But after Sept. 11, and with the election of Mayor Bloomberg, said D.J. Shauna Slevin, police in Manhattan have been taking a softer stance on enforcing noise complaints and cabaret licenses.
At Frank’s, Ms. Slevin was passing out flyers for a party she was going to D.J. the next night in a new space in a DUMBO warehouse. The weekly event, called N’ICE, had been bouncing between Baktun, a bar in the meatpacking district, and Centro-Fly, a club in Chelsea that attracts lots of women in strappy tops and men in short-sleeved muscle T’s. Ms. Slevin liked DUMBO, and said she was happy to find a crowd that knew who D.J.’s like Roy Davis Jr. and the Wicked Crew were. But for the underground house scene, the center of gravity was slipping back to Manhattan, she said.
“I think a lot of underground parties are going to move back into Manhattan,” she said. “Ultimately, people who’ve lived there for years who are into clubbing are not going to move away from there.”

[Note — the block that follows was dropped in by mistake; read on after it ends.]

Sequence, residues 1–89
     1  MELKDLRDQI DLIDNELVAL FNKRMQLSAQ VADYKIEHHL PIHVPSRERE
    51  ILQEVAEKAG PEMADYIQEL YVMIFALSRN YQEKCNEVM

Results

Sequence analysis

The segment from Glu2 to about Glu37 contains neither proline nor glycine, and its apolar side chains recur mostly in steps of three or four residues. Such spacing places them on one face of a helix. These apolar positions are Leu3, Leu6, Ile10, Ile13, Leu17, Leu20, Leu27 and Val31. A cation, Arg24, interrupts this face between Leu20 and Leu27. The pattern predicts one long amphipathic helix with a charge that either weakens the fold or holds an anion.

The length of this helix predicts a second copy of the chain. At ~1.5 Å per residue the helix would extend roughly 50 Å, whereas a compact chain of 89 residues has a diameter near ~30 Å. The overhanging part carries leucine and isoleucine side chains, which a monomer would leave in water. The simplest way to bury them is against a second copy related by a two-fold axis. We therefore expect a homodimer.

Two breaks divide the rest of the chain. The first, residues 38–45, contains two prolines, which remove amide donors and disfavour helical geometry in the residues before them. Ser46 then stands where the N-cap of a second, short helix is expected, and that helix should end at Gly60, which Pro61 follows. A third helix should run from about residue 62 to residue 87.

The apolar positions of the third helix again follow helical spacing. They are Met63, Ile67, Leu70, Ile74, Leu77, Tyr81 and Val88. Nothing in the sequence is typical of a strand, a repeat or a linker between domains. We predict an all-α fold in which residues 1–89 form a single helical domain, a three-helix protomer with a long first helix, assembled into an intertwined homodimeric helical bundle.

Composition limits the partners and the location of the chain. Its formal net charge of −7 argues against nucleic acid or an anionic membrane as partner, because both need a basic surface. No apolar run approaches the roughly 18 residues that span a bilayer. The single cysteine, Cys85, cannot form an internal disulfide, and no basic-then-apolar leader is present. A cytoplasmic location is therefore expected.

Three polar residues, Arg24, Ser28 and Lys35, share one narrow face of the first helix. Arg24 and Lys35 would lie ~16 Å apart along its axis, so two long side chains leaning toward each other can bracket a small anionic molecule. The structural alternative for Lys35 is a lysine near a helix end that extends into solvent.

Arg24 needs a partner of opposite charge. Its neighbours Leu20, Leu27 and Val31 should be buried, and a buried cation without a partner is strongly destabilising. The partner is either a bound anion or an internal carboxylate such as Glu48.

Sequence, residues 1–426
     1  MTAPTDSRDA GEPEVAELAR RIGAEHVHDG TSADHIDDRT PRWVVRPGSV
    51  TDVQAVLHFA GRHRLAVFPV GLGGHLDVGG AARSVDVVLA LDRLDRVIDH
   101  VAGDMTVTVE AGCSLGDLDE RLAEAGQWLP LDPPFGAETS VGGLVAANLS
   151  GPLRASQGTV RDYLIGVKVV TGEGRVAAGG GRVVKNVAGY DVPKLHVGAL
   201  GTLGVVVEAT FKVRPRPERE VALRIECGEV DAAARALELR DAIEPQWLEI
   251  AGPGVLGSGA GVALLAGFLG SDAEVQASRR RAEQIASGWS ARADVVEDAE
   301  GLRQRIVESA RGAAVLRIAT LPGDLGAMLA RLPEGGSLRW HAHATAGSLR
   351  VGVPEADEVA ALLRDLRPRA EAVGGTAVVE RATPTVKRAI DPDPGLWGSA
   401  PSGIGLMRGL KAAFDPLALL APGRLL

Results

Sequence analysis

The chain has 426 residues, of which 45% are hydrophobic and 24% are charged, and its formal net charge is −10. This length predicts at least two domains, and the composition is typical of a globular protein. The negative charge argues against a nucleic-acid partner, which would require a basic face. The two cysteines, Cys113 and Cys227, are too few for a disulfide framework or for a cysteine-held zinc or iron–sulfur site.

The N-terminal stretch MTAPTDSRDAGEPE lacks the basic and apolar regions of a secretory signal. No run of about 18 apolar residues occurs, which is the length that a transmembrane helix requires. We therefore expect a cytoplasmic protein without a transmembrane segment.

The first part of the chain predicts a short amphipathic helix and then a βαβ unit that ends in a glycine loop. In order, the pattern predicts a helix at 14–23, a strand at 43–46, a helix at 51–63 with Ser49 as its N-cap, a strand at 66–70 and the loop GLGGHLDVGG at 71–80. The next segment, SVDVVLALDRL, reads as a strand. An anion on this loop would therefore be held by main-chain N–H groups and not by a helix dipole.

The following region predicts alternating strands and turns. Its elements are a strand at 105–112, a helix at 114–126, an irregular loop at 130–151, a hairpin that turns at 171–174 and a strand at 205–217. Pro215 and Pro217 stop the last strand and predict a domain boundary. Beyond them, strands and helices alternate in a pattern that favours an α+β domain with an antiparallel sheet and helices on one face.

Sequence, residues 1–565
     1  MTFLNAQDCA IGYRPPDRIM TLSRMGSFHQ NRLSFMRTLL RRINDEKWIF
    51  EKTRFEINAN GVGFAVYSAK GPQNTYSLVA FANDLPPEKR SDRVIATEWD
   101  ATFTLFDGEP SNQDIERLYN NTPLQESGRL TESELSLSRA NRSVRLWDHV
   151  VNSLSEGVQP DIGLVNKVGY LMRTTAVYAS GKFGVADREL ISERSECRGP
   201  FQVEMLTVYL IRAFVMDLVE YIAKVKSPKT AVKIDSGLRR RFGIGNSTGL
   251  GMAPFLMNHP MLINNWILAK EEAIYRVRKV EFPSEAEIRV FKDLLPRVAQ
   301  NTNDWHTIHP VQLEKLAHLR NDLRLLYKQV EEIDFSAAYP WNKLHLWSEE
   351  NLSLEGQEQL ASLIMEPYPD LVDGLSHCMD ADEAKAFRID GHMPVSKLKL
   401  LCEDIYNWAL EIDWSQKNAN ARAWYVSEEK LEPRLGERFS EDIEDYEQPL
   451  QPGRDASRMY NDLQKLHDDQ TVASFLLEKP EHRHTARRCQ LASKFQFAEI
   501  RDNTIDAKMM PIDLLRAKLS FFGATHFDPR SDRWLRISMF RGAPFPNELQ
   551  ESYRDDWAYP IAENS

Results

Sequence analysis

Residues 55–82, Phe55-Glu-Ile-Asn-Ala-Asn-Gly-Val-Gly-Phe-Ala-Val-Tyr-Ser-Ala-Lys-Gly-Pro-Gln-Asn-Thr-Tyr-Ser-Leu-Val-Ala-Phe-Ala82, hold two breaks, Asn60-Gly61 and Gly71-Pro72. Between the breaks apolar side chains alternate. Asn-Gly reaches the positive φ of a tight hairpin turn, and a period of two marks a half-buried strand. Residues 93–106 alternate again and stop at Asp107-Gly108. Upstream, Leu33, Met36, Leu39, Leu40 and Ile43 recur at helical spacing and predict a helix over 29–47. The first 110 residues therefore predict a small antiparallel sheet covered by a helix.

But not every Brooklyn party organizer was itching to move back to Manhattan. Every time there’s a magazine article, more Manhattanites discover Brooklyn, said Ray Hands, a hats and sportswear designer who throws parties in a warehouse on Bergen Street. That’s enough to keep a lot of parties going, he said, adding: “Manhattan is trucking into Brooklyn.”
Ray Hands was asked what he’d do if the crowds got to be too big. Move to Manhattan? No, he said.
“V.I.P.,” he said. “You get a mob and you want to kill that, V.I.P. the people you know and let them bring their friends. And that’s it.”
–Macabee Montandon and Gabriel Snyder
More Things I Actually Said To My Cat 1. “Baba, when you die, I’m gonna sew you into my chest like a bear rug, so we’ll always be together.”
2. “I just caught ya bein’ cute again–busted! Call the cops!”
3. “Baba, what did you think of that girl last night? Did you like her? Because I think I liked her. Baba, you’re not going to get jealous, are you?”
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5. “Quit yer squawking, ya little bitch, or you’re gonna get your bottom blistered.”